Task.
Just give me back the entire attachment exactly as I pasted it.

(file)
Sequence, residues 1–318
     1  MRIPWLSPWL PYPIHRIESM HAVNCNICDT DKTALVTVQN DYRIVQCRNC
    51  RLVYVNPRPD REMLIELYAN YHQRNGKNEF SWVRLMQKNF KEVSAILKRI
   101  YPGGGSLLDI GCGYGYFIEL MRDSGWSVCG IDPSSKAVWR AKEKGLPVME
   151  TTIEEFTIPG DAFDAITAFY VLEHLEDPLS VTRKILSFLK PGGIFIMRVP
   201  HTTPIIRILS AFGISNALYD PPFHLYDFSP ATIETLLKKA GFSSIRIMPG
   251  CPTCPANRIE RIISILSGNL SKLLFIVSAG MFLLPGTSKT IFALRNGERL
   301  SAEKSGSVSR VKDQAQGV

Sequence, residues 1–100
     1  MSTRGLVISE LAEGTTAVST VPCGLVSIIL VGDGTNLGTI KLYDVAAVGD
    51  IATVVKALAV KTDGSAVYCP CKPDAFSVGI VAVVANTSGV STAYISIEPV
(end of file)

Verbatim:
Sequence, residues 1–318
     1  MRIPWLSPWL PYPIHRIESM HAVNCNICDT DKTALVTVQN DYRIVQCRNC
    51  RLVYVNPRPD REMLIELYAN YHQRNGKNEF SWVRLMQKNF KEVSAILKRI
   101  YPGGGSLLDI GCGYGYFIEL MRDSGWSVCG IDPSSKAVWR AKEKGLPVME
   151  TTIEEFTIPG DAFDAITAFY VLEHLEDPLS VTRKILSFLK PGGIFIMRVP
   201  HTTPIIRILS AFGISNALYD PPFHLYDFSP ATIETLLKKA GFSSIRIMPG
   251  CPTCPANRIE RIISILSGNL SKLLFIVSAG MFLLPGTSKT IFALRNGERL
   301  SAEKSGSVSR VKDQAQGV

Sequence, residues 1–100
     1  MSTRGLVISE LAEGTTAVST VPCGLVSIIL VGDGTNLGTI KLYDVAAVGD
    51  IATVVKALAV KTDGSAVYCP CKPDAFSVGI VAVVANTSGV STAYISIEPV